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ference of this universe, should at last seek its home and find its blessedness in the rest of a personal centre? Now, with respect to the other point, namely, Wordsworth's Toryism, or Conservatism-call it what you will; it does not matter whether I am now addressing Tories or Radicals; since we are speaking of great principles we will have done with names. I will read you a passage in which Wordsworth speaks of England:
“Hail to the crown by freedom shaped-to gird
Whose steps are equity, whose seal is law."
Now, the veriest democrat can only object to this as a matter of fact, and will probably say, "If this be England I would desire to preserve her as she is; but because I do not believe it, I desire to alter her; in heart and in idea we are one, the only point on which we differ is the point of historical fact." I say, therefore, that in Wordsworth's most democratic days he was aristocratic in heart; and in his most aristocratic days he had all that was most generous, and all that was most aspiring in the democratic mind. I now come rapidly towards the conclusion; but
having said what I have, it is necessary that I should complete the picture by giving you an idea of the patriotism in Wordsworth; that intense and deep love for England, in which aristocrat and democrat are blended in the formation of one high-minded man. I will read a passage showing Wordsworth's love for his country :
"When I have borne in memory what has tamed
Now, when I think of thee, and what thou art,
Of those unfilial fears I am ashamed.
For dearly must we prize thee; we who find
I must preface the next sonnet I have to read, by reminding you, that it was written at a period when a French invasion was expected. It is a very hard and difficult thing for us in the present day, broken as we are into so many factions, to conceive the united enthusiasm which stirred the heart of England in those days, when every moment the invasion of the great conqueror of
Europe was possible. The fleets of England swept the seas; on every hill the signal beacons blazed; 420,000 men were in arms; the service of the church was liable to be interrupted by the clang of arms upon the pavement; every village churchyard was converted into a parade-ground; every boy felt as if there were strength, even in his puny arm, to strike a blow in defence of the cause of his country; every man, excepting when he thought of the women of his country, was longing for the time to come, when it should be seen with what a strength, with what a majesty a soldier fought, when he was fighting in the magnificent and awful cause of his altar and his hearth.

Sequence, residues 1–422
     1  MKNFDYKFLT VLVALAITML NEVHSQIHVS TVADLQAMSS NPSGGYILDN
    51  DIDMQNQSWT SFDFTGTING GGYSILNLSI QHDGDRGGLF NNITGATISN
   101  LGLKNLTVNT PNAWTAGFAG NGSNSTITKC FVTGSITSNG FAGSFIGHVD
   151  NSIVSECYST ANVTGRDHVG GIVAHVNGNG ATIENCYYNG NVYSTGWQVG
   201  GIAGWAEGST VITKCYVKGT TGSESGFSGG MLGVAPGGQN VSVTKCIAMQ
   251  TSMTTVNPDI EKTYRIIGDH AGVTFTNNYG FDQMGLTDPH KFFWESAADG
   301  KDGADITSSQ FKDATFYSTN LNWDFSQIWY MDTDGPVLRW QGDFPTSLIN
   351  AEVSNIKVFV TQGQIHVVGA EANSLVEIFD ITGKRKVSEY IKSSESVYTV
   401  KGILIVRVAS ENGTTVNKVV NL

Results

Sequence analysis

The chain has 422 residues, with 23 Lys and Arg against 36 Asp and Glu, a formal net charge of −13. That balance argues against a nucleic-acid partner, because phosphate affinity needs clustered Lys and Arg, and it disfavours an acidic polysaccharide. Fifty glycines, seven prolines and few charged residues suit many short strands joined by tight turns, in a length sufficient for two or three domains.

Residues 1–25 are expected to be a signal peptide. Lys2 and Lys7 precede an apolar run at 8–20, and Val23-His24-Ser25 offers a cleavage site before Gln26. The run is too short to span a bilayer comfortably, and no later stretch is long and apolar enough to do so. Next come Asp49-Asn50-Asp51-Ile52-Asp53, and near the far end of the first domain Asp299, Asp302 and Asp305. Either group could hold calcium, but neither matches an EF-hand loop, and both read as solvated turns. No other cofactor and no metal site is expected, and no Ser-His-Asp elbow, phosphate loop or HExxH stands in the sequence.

The moment was like that of the deep silence which precedes a thunder-storm, when every breath is hushed, and every separate dried leaf, as it falls through the boughs, is heard tinkling, tinkling down through the branches, from branch to branch; when men's breath was held; when men's blood beat thick in their hearts, as if they were waiting in solemn and grand, but not in painful—rather in triumphant-expectation for the moment when the storm should break, and the French cry of "Glory" should be thundered back again by England's sublimer battle-cry of "Duty!" It was at this time that Wordsworth's sonnet appeared:
"It is not to be thought of that the flood
Be lost for ever. In our halls is hung
That Shakspeare spake; the faith and morals hold
Of earth's first blood, have titles manifold."
In the next passage I have to bring before you, I will remind you of some other facts. The sonnet is addressed to the men of Kent. Now, there is a difference between the Kentish men and the men of Kent. The Kentish men are simply the inhabitants of the county of Kent. The "Men of Kent" is a technical expression applied to the inhabitants of that part of Kent who were never subdued in the Norman invasion, and who obtained glorious terms for themselves, on capitulation, receiving the confirmation of their own charters; so that until very recentlyif not at present-they were still in possession of the custom called Gavelkind, by which the sons inherited, not unequally, the eldest taking
precedence, but they all taking share and share alike. It was to the "Men of Kent," the inhabitants of that part of the county nearest to the neighbouring land of France, that Wordsworth addressed this sonnet:
"Vanguard of Liberty, ye Men of Kent,
Ye children of a soil that doth advance
They from their fields can see the countenance
In this age of cosmopolitanism, when we are, forsooth, too much philanthropists to be patriots; when any deep and strong emotion of love to our country is reckoned as nothing more than the sacredness of the schoolboy's affection; when our young people who have travelled can find no words more capable of expressing their contempt than these—“ It is so English;" it does the heart good to read these firm and pure, and true and manly words, issuing from the lips of one who